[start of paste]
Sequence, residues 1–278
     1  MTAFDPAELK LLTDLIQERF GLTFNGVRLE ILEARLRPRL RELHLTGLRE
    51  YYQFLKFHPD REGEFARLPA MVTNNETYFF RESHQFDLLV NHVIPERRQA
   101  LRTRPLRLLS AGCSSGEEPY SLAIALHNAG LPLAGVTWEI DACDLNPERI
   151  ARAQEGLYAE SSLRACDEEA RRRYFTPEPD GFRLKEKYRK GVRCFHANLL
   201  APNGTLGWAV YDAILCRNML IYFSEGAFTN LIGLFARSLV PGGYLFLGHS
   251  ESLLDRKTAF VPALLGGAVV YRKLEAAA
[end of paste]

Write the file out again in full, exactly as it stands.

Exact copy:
Sequence, residues 1–278
     1  MTAFDPAELK LLTDLIQERF GLTFNGVRLE ILEARLRPRL RELHLTGLRE
    51  YYQFLKFHPD REGEFARLPA MVTNNETYFF RESHQFDLLV NHVIPERRQA
   101  LRTRPLRLLS AGCSSGEEPY SLAIALHNAG LPLAGVTWEI DACDLNPERI
   151  ARAQEGLYAE SSLRACDEEA RRRYFTPEPD GFRLKEKYRK GVRCFHANLL
   201  APNGTLGWAV YDAILCRNML IYFSEGAFTN LIGLFARSLV PGGYLFLGHS
   251  ESLLDRKTAF VPALLGGAVV YRKLEAAA